Recently I wrote the following essay: I Work In Suicide Prevention, And This Is What I Want Everyone To Know. The main take-away was: Check-in with your friends and loved ones, always, and ask the hard questions. Are you thinking about hurting yourself? Are you considering suicide as an option? There was a lot of conversation around this piece, which is wonderful, because we need to talk about mental health, and we need to keep talking about mental health.
Most people wanted to know more about starting those conversations, and how to respond when someone tells you they are struggling. What do you say? How can you help them? So, let’s start there. How do you start those hard conversations and how should you respond when someone opens up to you about their mental health?
I want to be up front about one thing, there is no script for this, every person and situation is different, but that’s where you come in. These are your friends and loved ones—you know them best, so talk to them like you always do. Start the conversation with things that are comfortable for each of you—simple questions like:
“How are you?”
“How is work?”
“How is your relationship?”
“How are the kids?”
You know what is important to them, so ask about it. The simple questions will get the ball rolling and open the door for more complex questions. Ask how they are sleeping, eating, and spending their free time. What do you notice? Are they still doing things they enjoy? Are they withdrawing or isolating themselves in any way? Are they quieter than normal? Are they indifferent? Are they angry?
If you notice something is off, but they seem guarded, you can say:
“I just wanted to check-in, because you used to [love coming to the park with me], but you haven’t seemed interested lately. Is everything OK?”
“I’m worried about you.”
“You seem down, do you want to talk about it?”
Don’t drop subtle hints or dance around the topic; if you love someone and you are worried about them, tell them. Tell them what you notice about them or their behavior that is concerning to you. Sometimes when people are in a dark place, whether it be depression, PTSD, anxiety, or anything else, it can feel like no one cares. Let them know you see them struggling, that you care, and are there to support them however you can.
Sometimes support is listening and validating their feelings. Validating their feelings, whether or not you understand them, is so important. It’s not always easy to know what to say when someone shares their darkest moments or struggles with mental illness, but here are a few examples:
“That must be hard for you.”
“I’m so sorry you’re going through this.”
“It sounds like you’re really struggling.”
“I hear you.”
“I’m here for you.”
Compassion. Empathy. Acceptance. Support. These words should guide your response.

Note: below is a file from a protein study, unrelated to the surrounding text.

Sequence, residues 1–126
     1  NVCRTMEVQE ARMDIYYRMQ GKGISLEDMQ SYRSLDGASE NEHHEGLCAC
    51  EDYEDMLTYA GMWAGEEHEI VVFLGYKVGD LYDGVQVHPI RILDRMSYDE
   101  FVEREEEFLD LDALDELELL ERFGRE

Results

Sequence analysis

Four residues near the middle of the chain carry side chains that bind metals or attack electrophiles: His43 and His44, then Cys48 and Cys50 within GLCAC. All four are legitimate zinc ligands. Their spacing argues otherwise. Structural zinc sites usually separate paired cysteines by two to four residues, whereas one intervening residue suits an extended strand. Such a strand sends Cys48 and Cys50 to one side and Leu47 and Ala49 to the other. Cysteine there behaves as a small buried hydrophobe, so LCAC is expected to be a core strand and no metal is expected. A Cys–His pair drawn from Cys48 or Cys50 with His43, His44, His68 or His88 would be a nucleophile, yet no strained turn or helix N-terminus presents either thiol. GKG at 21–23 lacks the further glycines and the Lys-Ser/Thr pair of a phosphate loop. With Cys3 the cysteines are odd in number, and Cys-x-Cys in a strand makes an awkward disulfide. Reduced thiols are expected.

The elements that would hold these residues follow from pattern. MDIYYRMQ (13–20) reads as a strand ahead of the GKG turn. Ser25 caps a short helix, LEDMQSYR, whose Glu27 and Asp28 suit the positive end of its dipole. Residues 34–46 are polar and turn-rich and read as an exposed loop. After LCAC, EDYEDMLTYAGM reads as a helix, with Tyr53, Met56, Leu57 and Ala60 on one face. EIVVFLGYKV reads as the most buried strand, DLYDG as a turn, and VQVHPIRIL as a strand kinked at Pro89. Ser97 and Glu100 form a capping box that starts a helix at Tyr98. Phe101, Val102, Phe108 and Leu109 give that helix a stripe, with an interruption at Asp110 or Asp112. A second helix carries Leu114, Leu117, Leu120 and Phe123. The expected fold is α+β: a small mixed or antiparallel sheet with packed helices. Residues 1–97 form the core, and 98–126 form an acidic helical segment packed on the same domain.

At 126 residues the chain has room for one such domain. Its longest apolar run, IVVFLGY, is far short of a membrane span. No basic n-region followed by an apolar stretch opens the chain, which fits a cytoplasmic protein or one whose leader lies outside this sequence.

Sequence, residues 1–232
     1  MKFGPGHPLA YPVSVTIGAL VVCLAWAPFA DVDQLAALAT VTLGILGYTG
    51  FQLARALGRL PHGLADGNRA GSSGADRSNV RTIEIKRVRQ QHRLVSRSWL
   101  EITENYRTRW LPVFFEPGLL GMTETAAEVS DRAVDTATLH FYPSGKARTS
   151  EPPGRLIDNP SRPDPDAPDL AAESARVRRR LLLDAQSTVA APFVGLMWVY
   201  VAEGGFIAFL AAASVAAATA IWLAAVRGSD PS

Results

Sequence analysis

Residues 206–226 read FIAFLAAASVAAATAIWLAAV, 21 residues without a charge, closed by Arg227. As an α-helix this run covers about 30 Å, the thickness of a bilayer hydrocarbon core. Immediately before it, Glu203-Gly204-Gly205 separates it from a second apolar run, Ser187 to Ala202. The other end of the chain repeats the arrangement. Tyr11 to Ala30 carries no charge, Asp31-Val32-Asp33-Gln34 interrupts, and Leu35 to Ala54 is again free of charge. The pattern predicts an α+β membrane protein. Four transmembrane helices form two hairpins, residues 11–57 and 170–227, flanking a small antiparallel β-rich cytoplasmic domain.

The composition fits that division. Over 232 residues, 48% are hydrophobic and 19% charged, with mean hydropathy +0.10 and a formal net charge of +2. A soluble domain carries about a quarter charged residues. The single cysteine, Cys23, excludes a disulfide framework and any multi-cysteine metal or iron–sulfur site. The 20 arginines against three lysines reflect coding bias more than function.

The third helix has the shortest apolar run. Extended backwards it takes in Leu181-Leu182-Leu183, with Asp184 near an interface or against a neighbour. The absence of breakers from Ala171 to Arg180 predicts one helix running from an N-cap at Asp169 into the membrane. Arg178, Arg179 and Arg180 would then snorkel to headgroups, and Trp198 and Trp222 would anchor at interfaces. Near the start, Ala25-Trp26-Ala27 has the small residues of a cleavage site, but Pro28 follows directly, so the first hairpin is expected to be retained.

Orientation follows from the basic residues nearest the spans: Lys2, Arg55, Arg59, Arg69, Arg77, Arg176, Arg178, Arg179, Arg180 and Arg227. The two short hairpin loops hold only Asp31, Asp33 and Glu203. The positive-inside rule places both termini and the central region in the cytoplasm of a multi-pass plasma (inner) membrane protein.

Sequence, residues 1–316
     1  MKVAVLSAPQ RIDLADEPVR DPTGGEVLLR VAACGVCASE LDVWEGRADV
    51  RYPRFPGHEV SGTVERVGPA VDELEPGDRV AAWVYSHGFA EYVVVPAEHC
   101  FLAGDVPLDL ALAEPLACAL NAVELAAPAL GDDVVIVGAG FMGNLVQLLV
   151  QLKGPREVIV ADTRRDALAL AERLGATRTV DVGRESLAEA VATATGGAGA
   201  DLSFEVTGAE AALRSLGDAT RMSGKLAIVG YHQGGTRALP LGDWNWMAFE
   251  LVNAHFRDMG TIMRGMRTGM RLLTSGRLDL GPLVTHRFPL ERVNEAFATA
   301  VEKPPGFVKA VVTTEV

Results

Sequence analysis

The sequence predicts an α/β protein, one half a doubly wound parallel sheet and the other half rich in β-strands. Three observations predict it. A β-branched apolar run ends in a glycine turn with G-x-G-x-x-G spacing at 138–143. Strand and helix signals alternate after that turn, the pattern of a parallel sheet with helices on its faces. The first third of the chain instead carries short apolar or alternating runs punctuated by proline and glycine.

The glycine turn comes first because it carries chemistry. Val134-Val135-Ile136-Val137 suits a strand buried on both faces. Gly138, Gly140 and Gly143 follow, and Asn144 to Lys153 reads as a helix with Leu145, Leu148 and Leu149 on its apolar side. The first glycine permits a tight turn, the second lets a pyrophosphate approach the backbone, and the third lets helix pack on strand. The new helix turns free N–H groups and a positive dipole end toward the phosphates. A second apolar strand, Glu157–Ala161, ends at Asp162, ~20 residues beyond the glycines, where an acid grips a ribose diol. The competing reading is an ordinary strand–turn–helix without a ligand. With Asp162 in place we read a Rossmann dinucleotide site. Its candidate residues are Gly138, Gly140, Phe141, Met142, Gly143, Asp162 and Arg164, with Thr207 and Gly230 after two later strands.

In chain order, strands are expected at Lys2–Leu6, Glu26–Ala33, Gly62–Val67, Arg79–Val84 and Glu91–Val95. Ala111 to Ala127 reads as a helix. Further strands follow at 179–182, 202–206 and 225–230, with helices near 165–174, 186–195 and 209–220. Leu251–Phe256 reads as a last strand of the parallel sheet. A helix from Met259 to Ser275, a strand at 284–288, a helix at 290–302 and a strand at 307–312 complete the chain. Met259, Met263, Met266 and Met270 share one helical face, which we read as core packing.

And remember, support can look different for everyone. Sometimes being their safe person is all they need—a sounding board to listen without judgment. Someone they can trust no matter what, someone who won’t judge them, but will be there unconditionally, day or night. Let them know they can call you at 3 a.m., and you will be there. Sometimes support means attending a doctor’s appointment with them, spending an evening together so they aren’t alone, or holding their hand as they call the crisis line.
Don’t be afraid to ask how you can best support your loved one. They may not know, so offer what you can to help them. And if someone tells you they’re having thoughts of suicide, encourage them to reach out to a professional, or reach out for them—they may not be able to do it on their own. Help them call the National Crisis Line or their mental health provider. You can make these calls on their behalf if needed. If the situation is emergent, take them to the emergency room or call 911.
Bottom line: let your friends know you care about them as often as you can. Reach out to them; don’t wait for them to come to you. This goes for all of your friends and loved ones, not just those you suspect are struggling.
Sometimes those carrying the greatest burdens are the best actors. Send them a text message just to say good morning, or that you want them to know you’re thinking about them. Be a safe person for those you love and make sure they know it. Make it a habit to check-in with your friends, always, not just after a tragedy. Have those tough conversations when you need to, and be an advocate for everyone with mental illness by talking openly about mental health, every chance you get.
I know it’s difficult, but honestly, if they are someone you care about just talk to them like a friend. The hard questions about suicide are the ones we don’t think to ask or are too afraid to ask, but they can make all the difference in the world. Try not to overthink it, just be there.
If you or someone you know is struggling with thoughts of suicide, there is help available. Call the National Crisis Line, day or night. 1-800-273-8255.
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